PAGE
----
MR. BEAN’S HOLIDAY: 2 STARS FOR MR. BEAN FANS 0 STARS FOR BEAN’S SEVENTH LEVEL OF HELL WELL WISHERS
You either love the monosyllabic Mr. Bean or want to see him banished to the seventh level of Hell where constant pain will be his reward for all the idiocy he has loosed upon the world.
There is no middle ground.
Since 1990 Rowan Atkinson’s annoying man-child spread the kind of absurdity that makes Jerry Lewis look like a master of subtly in fourteen BBC produced television episodes, an animated series and one 1997 movie.
He’s back in a new adventure, and this time he wins a trip to Cannes in the south of France. He brings a video camera along to document his trip, and it is that camera that triggers a series of events that will see him be accused of kidnapping a young boy, meet a beautiful woman (named Sabine. If they got marries she’d be Sabine Bean. Get it?), blow up a film set, and become the toast of the Cannes film festival. It’s a long and strange journey. At one point, I kid you not, a chicken makes off with his bus ticket.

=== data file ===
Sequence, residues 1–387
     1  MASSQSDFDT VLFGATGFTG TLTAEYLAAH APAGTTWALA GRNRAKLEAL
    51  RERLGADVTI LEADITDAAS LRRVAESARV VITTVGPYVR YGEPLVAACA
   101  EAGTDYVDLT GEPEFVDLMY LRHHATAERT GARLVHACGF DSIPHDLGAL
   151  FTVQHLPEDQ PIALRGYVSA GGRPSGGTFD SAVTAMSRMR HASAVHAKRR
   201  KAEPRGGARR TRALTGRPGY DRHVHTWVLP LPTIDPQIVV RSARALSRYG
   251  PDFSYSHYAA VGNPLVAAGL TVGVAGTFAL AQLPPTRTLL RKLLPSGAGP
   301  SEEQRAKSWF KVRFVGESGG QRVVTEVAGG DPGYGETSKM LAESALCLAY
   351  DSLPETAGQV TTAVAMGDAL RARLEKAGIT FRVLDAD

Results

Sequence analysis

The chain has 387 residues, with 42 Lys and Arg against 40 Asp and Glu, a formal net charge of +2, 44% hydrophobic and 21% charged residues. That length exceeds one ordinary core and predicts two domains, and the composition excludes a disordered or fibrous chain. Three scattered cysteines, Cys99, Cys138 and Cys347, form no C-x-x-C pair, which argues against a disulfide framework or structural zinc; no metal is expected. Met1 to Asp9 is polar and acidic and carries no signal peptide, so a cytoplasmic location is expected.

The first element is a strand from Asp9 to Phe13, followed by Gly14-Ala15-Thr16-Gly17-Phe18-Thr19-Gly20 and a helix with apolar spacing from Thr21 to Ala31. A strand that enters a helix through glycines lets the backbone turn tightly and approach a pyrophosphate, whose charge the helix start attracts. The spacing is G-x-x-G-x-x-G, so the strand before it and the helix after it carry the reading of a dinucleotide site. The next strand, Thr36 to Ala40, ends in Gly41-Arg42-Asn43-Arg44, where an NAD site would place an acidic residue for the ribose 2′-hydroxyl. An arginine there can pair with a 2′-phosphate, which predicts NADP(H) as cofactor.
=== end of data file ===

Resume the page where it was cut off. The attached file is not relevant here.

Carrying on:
That’s right, a chicken. Even the livestock are out to get him.
There’s something old fashioned about the humor of Mr. Bean. Either he’s paying tribute to the silent movie slapstick comedians of yore, or he’s a comedic recycler of epic proportions. There’s very little dialogue, (which would explain the enormous international success of the franchise) it’s mostly just grunts and mumbled words, so Bean must rely on physical farce to get his point across. The physical stuff can occasionally raise a smile, but I felt I had seen much of it before, and usually done better. The estate of Buster Keaton should perhaps be looking into copyright infringement.
It’s hard to be rough on old Mr. Bean because I guess the movies are aimed at kids, so you shouldn’t really expect edgy, interesting comedy, but I had to wonder at the appropriateness of some of the set pieces wedged in between the sight gags. Do kids really need to see a man commit suicide by jumping off a bridge after Bean has been rude to him on the phone? Is the sight of Mr. Bean dressed as a Nazi goose-stepping and Sieg Heiling meant to crack up an eight year old? At those moments the youngster sitting next to me said, “Why is he doing that?” to his dad. The dad didn’t have an answer and neither do I.
I’m not exactly sure who the audience for Mr. Bean’s Holiday is, but I am quite sure it won’t win many new fans, although I think it should keep the old ones content.